U.S. WNT Midfelder Yael Averbuch
Midfielder Yael Averbuch (pronounced A-ver-bush) is one of the three uncapped players on the U.S. roster at the Four Nations Tournament. Coming off an excellent season at UNC, she is enjoying her first National Team experience and trying to soak up as much soccer knowledge as she can. If she can return to the United States with her first cap, that would be awesome, but she also wants to come back with something else…a nickname.
Yael Averbuch has a goal. Yeah, she wants to play for the U.S. Women’s National Team at the Four Nations Tournament in China and earn her first career cap, but what she really wants is a nickname. And she knows what it is: YaYá.
Averbuch, who is incredibly skillful with the ball at her feet, is a big fan of Brazilian soccer and its never-ending cast of one-name players. She thinks it would be really sweet to be known by just one name. She knows you can’t really choose your own nickname, but admits she’s launched a somewhat covert campaign to do just that.
“I love Kaká and how he plays the game,” said Averbuch of the Brazil and AC Milan star. “I would like to model my game after him, so if I could have a nickname close to his, that would be cool, too.”
Never ones to shy away from funny nicknames, her new teammates on the National Team have embraced it. After all, it’s easier to say YaYá on the field than “YA-el,” perhaps the longest two syllable name around. While she will probably never get to put “YaYá” on the back of her National Team jersey, perhaps she could convince UNC head coach Anson Dorrance to go for it.
If she has another year like she did as a sophomore in 2006, when she scored 16 goals to become the ACC Offensive Player of the Year, the long-time Tar Heel coach just might have to consider it.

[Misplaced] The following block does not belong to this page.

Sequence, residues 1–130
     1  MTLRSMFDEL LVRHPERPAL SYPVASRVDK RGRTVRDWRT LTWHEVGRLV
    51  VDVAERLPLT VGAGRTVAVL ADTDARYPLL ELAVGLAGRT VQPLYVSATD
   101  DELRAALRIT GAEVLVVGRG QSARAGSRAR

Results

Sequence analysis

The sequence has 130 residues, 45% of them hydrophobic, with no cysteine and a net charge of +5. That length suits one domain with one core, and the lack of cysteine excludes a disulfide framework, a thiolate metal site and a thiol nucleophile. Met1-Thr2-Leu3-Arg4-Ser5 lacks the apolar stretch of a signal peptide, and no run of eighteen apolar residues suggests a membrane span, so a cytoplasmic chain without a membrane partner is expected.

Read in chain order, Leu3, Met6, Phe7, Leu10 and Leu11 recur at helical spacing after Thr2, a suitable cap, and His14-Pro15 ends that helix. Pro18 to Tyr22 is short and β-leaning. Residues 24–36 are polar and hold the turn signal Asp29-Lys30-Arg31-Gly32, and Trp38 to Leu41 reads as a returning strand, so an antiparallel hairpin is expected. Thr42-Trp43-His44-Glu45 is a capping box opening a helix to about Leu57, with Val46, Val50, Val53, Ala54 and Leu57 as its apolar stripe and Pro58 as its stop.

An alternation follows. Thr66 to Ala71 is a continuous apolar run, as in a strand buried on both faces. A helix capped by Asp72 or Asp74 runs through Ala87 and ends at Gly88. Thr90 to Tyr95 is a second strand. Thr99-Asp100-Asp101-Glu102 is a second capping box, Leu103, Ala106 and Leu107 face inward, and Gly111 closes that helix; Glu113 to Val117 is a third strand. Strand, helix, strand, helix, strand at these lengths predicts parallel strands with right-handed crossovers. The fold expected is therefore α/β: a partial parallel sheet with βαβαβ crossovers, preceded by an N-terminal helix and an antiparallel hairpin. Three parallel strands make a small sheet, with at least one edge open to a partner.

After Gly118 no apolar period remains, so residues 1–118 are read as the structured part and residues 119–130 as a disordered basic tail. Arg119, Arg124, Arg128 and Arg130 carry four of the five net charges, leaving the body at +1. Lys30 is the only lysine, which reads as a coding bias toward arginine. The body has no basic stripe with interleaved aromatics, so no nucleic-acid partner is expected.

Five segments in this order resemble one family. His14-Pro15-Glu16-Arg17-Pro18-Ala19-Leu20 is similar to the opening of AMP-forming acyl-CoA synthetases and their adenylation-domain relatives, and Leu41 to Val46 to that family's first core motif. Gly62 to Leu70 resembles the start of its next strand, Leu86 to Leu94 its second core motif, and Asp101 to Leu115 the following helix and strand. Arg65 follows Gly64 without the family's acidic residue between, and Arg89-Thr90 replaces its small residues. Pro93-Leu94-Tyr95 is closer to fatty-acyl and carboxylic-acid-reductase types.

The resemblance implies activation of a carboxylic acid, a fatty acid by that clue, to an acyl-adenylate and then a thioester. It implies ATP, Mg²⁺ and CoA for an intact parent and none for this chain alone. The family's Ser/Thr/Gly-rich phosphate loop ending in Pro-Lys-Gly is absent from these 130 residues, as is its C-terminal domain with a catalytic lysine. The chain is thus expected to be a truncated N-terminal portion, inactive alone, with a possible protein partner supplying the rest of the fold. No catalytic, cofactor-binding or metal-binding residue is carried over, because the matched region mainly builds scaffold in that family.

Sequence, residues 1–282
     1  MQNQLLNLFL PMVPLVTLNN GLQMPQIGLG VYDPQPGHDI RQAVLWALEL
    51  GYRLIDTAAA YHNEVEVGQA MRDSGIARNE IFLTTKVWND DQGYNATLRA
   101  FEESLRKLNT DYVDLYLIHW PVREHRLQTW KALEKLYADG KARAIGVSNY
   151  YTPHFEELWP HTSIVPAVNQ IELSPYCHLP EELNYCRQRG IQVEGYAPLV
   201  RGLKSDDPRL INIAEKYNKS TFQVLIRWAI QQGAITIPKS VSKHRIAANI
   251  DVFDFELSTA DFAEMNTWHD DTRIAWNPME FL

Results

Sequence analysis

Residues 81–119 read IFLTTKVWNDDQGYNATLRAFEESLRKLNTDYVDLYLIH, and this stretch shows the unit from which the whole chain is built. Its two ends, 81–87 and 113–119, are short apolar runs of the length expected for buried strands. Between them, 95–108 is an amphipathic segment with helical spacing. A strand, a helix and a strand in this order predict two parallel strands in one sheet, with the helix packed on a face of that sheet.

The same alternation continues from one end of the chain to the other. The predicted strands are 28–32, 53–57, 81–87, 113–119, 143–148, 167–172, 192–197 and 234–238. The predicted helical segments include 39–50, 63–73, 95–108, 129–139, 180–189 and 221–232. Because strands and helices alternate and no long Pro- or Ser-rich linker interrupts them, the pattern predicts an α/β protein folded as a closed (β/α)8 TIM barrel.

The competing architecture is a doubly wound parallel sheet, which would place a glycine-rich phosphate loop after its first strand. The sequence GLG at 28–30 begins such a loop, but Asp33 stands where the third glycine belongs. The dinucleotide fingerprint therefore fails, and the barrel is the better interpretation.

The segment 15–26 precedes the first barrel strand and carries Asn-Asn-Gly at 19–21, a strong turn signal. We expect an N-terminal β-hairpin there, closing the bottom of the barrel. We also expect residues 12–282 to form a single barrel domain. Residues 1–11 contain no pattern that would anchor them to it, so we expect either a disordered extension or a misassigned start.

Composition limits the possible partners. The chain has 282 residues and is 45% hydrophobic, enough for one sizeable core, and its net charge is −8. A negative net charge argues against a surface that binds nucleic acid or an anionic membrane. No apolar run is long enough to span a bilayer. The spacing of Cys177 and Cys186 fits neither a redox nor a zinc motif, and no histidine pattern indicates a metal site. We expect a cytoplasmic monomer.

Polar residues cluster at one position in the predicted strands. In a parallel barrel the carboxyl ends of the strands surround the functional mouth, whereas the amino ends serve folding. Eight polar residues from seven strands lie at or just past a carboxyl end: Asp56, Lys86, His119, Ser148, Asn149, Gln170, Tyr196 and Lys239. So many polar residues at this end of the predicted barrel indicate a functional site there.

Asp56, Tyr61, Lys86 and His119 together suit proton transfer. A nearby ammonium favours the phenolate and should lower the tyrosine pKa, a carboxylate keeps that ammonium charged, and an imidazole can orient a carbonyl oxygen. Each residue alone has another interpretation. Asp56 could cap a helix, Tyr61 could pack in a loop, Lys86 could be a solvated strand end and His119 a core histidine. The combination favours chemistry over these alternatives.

“Well, we don’t have the names on the backs of our jerseys, but maybe he could make an exception just for one game, maybe my last game as a Tar Heel?” said Averbuch. “That’s all I would want.”
Averbuch has taken a circuitous road to the National Team. A member of the U.S. team that took third place at the 2004 FIFA U-19 Women’s World Championship, she played sparingly in Thailand. She had the opportunity to earn a spot on the 2006 U-20 team for the World Championship in Russia, but instead chose to focus on her upcoming college season. The decision turned out to have benefits, as she put in a spectacular performance as one of the team leaders on a squad that won the NCAA title. She also set the record for fastest goal in NCAA history, scoring after four seconds directly off the kick-off against Yale.
“It was a difficult choice not to play for the U-20s last year and try to earn a spot on the World Championship roster,” said Averbuch. “I love playing for the USA, but after experiencing the Thailand world championship, I didn’t want to come into the college season tired and not being able to give my best. I just didn’t think I could do both without compromising one team or the other, so I felt I had to choose.”
Coming off her strong college season, Averbuch was called into her first National Team training camp in early January, and performed well as one of the gaggle of young players invited by head coach Greg Ryan. With several veterans not traveling to China, and the U.S. team in need of some depth at the center midfield position, she made her first-ever full National Team roster for the Four Nations Tournament.
“I was a little bit surprised to make the roster for China, I just had no idea of what to expect coming into camp,” said Averbuch, who has been playing for the U.S. youth teams since the Under-16 level. “One thing that really helped me was that I had previously played with a lot of these players before in college and on the National Team, so that really helped my comfort level. But obviously, I was really nervous. In all honesty, I probably would have been freaking out if I didn’t know so many people. As it turned out, all of the veterans were great and very friendly and helpful. They have been awesome helping me get adjusted to this level over here in China as well.”